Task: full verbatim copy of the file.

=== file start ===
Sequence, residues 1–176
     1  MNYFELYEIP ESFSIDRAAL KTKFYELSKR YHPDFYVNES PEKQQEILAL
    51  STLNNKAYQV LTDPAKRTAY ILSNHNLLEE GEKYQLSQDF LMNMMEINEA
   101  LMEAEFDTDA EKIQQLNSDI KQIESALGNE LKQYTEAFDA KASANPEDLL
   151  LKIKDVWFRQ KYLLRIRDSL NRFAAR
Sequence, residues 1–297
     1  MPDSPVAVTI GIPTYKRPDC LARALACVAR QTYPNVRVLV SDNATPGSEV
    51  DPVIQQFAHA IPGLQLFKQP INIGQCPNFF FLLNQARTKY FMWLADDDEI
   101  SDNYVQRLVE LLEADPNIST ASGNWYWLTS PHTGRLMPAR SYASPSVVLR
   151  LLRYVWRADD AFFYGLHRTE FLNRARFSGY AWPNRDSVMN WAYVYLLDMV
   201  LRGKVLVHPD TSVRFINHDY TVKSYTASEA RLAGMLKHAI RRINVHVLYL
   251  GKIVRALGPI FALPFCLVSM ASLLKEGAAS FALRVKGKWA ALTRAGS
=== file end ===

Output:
Sequence, residues 1–176
     1  MNYFELYEIP ESFSIDRAAL KTKFYELSKR YHPDFYVNES PEKQQEILAL
    51  STLNNKAYQV LTDPAKRTAY ILSNHNLLEE GEKYQLSQDF LMNMMEINEA
   101  LMEAEFDTDA EKIQQLNSDI KQIESALGNE LKQYTEAFDA KASANPEDLL
   151  LKIKDVWFRQ KYLLRIRDSL NRFAAR
Sequence, residues 1–297
     1  MPDSPVAVTI GIPTYKRPDC LARALACVAR QTYPNVRVLV SDNATPGSEV
    51  DPVIQQFAHA IPGLQLFKQP INIGQCPNFF FLLNQARTKY FMWLADDDEI
   101  SDNYVQRLVE LLEADPNIST ASGNWYWLTS PHTGRLMPAR SYASPSVVLR
   151  LLRYVWRADD AFFYGLHRTE FLNRARFSGY AWPNRDSVMN WAYVYLLDMV
   201  LRGKVLVHPD TSVRFINHDY TVKSYTASEA RLAGMLKHAI RRINVHVLYL
   251  GKIVRALGPI FALPFCLVSM ASLLKEGAAS FALRVKGKWA ALTRAGS